WASHINGTON, February 1 (RIA Novosti) – US President Barack Obama’s administration on Friday proposed a compromise on a contentious provision in his signature health care reform law requiring insurance plans to cover birth control services for women at no charge—a mandate that sparked outrage among religious organizations.
The proposed concession, announced by US Health and Human Services Secretary Kathleen Sebelius, would exempt religious organizations from paying for contraceptive coverage under their female employees’ health insurance plans and facilitate separate birth control services for these women through other insurance policies.
“Today, the administration is taking the next step in providing women across the nation with coverage of recommended preventive care at no cost, while respecting religious concerns,” Sebelius said in a statement Friday. “We will continue to work with faith-based organizations, women’s organizations, insurers and others to achieve these goals.”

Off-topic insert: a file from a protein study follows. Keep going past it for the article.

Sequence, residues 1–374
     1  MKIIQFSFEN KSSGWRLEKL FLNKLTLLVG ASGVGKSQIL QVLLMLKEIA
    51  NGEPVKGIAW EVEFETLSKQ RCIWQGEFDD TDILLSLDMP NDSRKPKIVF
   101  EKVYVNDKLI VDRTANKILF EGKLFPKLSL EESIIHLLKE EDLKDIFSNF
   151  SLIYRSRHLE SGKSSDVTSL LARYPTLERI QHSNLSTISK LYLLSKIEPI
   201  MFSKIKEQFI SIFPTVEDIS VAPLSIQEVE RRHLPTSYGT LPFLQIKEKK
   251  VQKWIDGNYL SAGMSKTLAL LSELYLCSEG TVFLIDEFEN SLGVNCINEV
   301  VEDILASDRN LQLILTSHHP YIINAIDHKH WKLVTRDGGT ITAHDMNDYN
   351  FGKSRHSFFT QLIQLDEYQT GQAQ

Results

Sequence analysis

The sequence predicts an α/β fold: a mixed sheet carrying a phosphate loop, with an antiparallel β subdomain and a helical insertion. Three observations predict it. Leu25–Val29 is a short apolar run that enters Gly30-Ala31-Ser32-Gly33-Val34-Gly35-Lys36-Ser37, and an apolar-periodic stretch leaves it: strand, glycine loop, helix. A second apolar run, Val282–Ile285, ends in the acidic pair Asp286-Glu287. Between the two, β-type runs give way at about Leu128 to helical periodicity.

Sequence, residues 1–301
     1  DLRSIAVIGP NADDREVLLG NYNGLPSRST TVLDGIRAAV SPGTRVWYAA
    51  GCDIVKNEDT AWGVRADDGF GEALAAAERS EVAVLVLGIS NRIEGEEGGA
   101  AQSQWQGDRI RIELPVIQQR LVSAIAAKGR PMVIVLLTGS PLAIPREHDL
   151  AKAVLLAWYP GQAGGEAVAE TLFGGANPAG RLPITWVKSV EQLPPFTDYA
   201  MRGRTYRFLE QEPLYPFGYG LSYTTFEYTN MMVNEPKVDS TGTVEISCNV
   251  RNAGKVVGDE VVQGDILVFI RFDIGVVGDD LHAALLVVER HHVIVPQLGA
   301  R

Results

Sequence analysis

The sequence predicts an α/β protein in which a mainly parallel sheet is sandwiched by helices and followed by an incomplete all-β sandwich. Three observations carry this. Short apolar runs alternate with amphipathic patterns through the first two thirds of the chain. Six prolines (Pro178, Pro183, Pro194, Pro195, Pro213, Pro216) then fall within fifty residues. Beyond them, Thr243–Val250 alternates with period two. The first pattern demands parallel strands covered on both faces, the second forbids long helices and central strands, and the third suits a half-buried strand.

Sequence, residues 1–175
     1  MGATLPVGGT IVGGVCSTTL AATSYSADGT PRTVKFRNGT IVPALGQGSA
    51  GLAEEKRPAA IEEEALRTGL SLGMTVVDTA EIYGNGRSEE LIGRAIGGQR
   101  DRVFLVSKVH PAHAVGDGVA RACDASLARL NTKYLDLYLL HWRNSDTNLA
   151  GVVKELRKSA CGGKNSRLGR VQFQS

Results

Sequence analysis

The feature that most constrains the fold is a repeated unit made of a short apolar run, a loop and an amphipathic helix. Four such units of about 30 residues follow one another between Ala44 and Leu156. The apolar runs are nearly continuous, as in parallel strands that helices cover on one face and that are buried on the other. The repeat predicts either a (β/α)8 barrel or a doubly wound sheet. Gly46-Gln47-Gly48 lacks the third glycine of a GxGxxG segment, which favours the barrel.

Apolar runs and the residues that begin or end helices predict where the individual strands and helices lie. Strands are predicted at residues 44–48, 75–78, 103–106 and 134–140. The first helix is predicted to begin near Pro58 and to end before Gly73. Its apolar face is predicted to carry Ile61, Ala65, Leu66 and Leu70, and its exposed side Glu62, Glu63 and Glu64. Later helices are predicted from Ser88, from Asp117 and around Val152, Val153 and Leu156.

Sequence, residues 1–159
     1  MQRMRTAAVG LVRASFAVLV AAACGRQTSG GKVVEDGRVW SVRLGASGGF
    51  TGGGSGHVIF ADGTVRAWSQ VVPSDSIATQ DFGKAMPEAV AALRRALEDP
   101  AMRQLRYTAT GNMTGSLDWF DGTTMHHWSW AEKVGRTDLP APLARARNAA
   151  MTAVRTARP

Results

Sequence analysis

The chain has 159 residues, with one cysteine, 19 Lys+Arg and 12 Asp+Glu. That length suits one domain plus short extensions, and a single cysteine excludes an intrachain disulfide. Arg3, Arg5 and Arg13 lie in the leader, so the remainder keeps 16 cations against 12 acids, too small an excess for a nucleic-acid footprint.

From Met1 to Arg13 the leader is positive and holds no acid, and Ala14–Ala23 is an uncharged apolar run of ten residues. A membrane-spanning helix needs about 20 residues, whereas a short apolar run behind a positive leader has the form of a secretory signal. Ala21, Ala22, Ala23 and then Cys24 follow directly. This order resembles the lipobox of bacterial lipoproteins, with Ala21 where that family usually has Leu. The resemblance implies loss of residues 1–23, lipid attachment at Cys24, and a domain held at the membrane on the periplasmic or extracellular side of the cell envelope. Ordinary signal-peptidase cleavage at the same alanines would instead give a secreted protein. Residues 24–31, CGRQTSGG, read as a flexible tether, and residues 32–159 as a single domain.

Obama has lauded his sweeping health care reform bill, the Affordable Care Act, as a major step toward guaranteeing insurance for Americans while containing rapidly escalating health care costs.
Critics, however, call the legislation a dangerous overreach by the federal government, and religious organizations have said the contraception mandate in particular forces them to finance a practice that runs counter to their faith.
Officials in the Catholic Church, which forbids contraception, have been among the most vocal critics of the birth control mandate.
Cardinal Timothy Dolan, of the Catholic Archdiocese of New York, issued a statement Friday saying he and his fellow church officials “welcome the opportunity to study the proposed regulations closely.”
“We look forward to issuing a more detailed statement later,” Dolan said.